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Reshaping the Modern RPG: BioWare's Greg Zeschuk Speaks
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Reshaping the Modern RPG: BioWare's Greg Zeschuk Speaks

April 2, 2010 Article Start Previous Page 2 of 4 Next

Talking specifically the point of the potions in Dragon Age, when I was playing that, a pop-up told me that when you get injuries, you've got to heal them with injury packs, but the text never told me how to heal with the injury pack.

GZ: [laughs] And if you looked at the status, it's like deaf, blind, broken arms.

Yes, yes. It was 10 hours in when I was like, "Alright. I've got to figure out how to do this." But I couldn't do it straight from the inventory.

GZ: Right, right. These are some of the things where you live and learn. Because we were making decisions, like, what should be exposed...

It's funny because we were really iterating the interface for Dragon Age quite late in the process. We took a ton of time, so we actually did a fair amount of usability testing, but probably not enough. That's just the reality of how fast we had to get done.

If you have feedback, though, yeah, send us some in. That's a good one. That's generally what Ray and I would try and use, because we actually were there for a lot of the meetings when the interface was being discussed, but then we would just play the results and then kind of freeze. We'd go, "How do I do this?"

Dragon Age wound up being my first real true entry into playing a Western RPG, which is a crazy thing to say because it's so late in the game. For me, there were a lot of elements that were just kind of assumed, and that I just didn't know. I was wondering why there was no kind of optional tutorial in there.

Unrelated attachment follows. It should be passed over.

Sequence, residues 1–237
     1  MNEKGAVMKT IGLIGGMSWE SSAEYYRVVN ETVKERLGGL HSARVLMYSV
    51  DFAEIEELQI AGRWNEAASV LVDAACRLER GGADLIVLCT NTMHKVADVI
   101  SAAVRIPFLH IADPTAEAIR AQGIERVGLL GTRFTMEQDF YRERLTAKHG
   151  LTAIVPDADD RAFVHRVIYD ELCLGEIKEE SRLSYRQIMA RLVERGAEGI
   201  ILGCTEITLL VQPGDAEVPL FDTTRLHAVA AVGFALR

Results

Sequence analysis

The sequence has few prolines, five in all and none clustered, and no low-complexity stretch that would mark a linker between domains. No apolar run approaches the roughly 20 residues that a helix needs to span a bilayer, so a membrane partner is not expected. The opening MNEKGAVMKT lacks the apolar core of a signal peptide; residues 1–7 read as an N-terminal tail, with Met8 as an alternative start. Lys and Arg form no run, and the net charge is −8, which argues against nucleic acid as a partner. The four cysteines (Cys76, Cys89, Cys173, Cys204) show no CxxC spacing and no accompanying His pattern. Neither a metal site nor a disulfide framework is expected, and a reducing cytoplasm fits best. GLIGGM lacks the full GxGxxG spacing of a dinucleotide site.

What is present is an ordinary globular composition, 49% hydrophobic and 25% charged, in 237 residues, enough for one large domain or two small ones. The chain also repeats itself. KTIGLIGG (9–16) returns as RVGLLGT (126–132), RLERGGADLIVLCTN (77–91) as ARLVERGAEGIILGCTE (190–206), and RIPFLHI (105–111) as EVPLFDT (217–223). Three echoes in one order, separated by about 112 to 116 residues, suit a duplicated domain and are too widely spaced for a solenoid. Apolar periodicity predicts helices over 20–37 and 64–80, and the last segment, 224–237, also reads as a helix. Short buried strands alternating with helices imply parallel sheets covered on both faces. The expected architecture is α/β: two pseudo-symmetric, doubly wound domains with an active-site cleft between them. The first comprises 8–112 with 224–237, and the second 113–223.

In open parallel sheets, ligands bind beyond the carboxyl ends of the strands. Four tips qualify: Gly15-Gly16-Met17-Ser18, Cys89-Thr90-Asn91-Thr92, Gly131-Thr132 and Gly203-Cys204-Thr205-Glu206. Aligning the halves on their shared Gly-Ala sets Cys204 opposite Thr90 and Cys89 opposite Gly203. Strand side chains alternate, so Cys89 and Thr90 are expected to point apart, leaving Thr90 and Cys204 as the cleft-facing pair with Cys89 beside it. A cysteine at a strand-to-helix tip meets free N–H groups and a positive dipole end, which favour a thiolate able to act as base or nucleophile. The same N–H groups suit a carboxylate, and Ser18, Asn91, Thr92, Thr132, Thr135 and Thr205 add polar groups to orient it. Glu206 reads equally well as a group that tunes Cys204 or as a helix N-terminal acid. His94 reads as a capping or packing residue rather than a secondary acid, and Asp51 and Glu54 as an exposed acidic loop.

GZ: Well, there was, but it was minimal. That was the other interesting thing that we realized -- we created a problem for ourselves with the origin stories. Because you had origin stories, there was no real common tutorial you could have. So, instead, there was like semi-class-based tutorials that we did for each class, but we never had a really comprehensive tutorial. It was one of those things that we found out but we kind of figured it out after the fact. "Okay, now the tutorial. Wait, we can't make six of them."

So, we tried to make it contextual so that when you get an injury, it says, "Hey! Heal that injury." But if you forget the line of how to do that, then that would suck.So, that's how that ended up. That will be something we'll address in the future. There's a few different ways you can do that, but I think that's a good point as well.

When playing both Dragon Age and now Mass Effect, I got the feeling that these were two games coming from a similar mindset but with slightly different takes on it. Was that at all the case?

GZ: That was absolutely the case. I think there are sort of two reasons for that. One is because the RPG/MMO division has really a portfolio strategy, in the sense that there's multiple games that are serving multiple audiences. Absolutely, there's a crossover, but there's diversions.

So, by no means do we think that everyone that plays Dragon Age will play Mass Effect 2. There's going to be some crossover; there's going to be some difference. The second reason is that it's reflected by the respective teams. So we had absolute distinct teams in those two games. They have different things they're trying to accomplish, different things they're trying to do. The game is really a reflection of the game and what the team wants to accomplish. That's how things naturally diverge. We think that's to our advantage to try and cover more of the potential market that way.

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